I received another email via our iPhone App from a mom who had read the ear infection articles and asked about the placement of ear tubes. That is a great question as this topic comes up often in children who have frequent ear infections. (more…)
Posts Tagged ‘ear’
Swimming is one of the best ways to beat the summer heat, but that may also mean that your child may develop a painful swimmer’s ear, also known as otitis externa. Swimmer’s ear is a common summer infection of the external auditory canal, in other words the part of the ear that connects the outer ear (where the Q–tip goes, but really shouldn’t) to the inner ear. (more…)
I could not wait to get home from work today to write about my afternoon. Even as a pediatrician, I sometimes get “coaxed” into seeing an adult patient, usually the parent of one of my patients. (more…)
One of the things that I sometimes see in my practice, which is interesting to me as a pediatrician, and was equally interesting when I had young kids, is how quickly a child’s ear exam can change. (more…)
Have you ever been bathing your child and washing their head and neck and suddenly felt little “lumps or bumps” about he size of a pea or dime on their necks? It makes your hand stop for a minute as you feel this small marble and of course “terrible thoughts” race through your mind. Well, it is not uncommon to feel these little lumps on a child’s neck. (more…)
A new survey has found that children and their parents who like to crank up the volume on their music would turn down the sound level or use ear protection if they were told to do so by a health-care professional.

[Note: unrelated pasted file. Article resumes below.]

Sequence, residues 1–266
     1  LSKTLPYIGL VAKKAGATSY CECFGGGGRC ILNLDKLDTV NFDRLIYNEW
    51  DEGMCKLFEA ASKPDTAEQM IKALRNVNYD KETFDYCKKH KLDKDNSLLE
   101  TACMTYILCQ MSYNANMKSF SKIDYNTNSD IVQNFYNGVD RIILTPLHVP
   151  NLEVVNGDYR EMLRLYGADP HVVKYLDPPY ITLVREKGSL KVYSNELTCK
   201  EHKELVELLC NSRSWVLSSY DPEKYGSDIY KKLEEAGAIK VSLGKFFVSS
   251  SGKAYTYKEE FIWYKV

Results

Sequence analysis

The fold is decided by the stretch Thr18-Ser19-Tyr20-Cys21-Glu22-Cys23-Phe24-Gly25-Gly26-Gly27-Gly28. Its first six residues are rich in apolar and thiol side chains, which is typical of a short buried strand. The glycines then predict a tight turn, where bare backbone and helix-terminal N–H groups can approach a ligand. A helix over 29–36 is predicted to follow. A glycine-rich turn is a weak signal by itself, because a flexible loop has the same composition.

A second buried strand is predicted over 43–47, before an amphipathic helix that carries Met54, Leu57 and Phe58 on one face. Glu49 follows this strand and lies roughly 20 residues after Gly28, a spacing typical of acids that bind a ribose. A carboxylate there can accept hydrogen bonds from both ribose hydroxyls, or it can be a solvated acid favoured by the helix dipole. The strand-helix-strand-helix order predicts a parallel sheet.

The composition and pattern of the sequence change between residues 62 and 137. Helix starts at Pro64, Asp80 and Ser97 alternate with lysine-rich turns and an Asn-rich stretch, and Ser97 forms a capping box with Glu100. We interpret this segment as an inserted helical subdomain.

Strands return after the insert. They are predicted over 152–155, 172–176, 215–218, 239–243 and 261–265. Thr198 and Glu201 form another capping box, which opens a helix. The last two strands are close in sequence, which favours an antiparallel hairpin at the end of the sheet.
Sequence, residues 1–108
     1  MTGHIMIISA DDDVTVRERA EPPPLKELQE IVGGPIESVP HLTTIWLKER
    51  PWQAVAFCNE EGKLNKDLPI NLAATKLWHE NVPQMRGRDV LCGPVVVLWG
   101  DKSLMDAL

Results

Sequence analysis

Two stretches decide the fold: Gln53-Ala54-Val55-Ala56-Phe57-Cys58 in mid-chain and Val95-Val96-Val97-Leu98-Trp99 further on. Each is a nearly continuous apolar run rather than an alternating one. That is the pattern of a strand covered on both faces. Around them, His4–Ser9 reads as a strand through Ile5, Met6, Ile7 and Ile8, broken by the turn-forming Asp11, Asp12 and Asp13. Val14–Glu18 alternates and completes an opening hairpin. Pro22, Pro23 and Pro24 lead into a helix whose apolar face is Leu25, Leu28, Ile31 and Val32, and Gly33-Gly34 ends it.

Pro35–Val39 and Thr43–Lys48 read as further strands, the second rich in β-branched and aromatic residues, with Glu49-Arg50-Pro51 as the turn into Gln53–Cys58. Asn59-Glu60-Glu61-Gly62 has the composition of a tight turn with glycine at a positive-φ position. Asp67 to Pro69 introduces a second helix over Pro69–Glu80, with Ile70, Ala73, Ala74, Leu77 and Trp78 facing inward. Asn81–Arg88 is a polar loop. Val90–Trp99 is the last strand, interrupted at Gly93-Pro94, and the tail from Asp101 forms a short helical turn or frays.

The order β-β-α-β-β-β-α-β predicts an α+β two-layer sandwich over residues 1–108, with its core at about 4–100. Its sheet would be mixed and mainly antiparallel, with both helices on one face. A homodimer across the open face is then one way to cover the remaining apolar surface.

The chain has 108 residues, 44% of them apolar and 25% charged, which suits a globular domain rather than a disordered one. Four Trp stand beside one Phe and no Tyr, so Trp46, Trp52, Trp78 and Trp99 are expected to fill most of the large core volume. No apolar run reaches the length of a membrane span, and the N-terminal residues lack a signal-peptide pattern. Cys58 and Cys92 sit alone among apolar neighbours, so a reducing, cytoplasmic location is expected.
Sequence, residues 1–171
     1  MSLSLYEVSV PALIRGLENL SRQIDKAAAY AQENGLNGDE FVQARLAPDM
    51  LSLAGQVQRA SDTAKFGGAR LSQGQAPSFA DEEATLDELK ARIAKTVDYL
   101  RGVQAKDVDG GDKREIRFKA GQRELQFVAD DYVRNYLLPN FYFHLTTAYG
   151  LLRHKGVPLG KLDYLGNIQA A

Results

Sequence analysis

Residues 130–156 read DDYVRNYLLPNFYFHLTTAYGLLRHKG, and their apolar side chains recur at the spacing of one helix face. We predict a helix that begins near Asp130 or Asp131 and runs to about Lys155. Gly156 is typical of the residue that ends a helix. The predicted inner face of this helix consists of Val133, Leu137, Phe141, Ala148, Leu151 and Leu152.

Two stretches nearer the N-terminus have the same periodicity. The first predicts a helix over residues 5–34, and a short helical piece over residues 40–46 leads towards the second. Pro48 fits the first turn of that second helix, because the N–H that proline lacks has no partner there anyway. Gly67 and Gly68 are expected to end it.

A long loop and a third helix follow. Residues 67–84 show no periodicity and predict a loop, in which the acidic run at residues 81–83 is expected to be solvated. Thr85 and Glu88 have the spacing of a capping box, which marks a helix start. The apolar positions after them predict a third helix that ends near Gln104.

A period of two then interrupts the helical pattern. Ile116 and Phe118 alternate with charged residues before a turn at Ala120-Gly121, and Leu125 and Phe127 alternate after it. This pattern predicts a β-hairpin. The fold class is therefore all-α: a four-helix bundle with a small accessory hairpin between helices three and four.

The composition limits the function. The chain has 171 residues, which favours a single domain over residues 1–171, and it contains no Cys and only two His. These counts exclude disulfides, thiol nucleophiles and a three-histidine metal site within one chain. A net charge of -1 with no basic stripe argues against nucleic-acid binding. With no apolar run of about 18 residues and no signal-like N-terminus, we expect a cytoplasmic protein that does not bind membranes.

The survey, conducted by Vanderbilt University researchers in conjunction with MTV.com found that nearly half of those surveyed said they experienced symptoms such as tinnitus or hearing loss after being exposed to loud music. 32 percent said they considered hearing loss a problem. The survey is published in the July 13, 2009, online issue of Pediatrics. (more…)
Repeated use of antibiotics to treat acute ear infections in young children increases the risk of recurrent ear infections by 20 percent.
Researchers in the Netherlands found that 63 percent of children given the antibiotic amoxicillin had another ear infection within three years, compared with 43 percent of children given a placebo at the time of their initial infection. The results of the study are published online in the July edition of BMJ. (more…)
Vaccines delivered via droplets rubbed into the skin appear to protect against ear infections say researchers who tested the method on chinchillas. If the approach proves to be effective in humans, it could provide a simple, inexpensive way of preventing ear infections the researchers said.
It is estimated that up to 83 percent of children in the United States will have at least one ear infection by the time they reach three years of age. (more…)
New research out shows that mumps-related hearing loss in children may be 20 times more common than previously suggested.
“Deafness is rare but important complication of mumps virus infection,” the researchers from Japan’s Hashimoto Pediatric Clinic in Osaka wrote in a report in The Pediatric Infectious Disease Journal.
The researchers determined the incidence of sudden hearing loss in children with mumps based upon a population-based office survey of more than 7,500 patients from 40 pediatric practices in Japan, a country where mumps is constantly present. (more…)
Listen to the PodcastEar Nose Throat – Part 1
Listen to the PodcastEar Nose Throat – Part 2
All the information you need about common childhood ear, nose and throat problems
Guest: Dr. Andreas Werle, Pediatric Otolaryngologist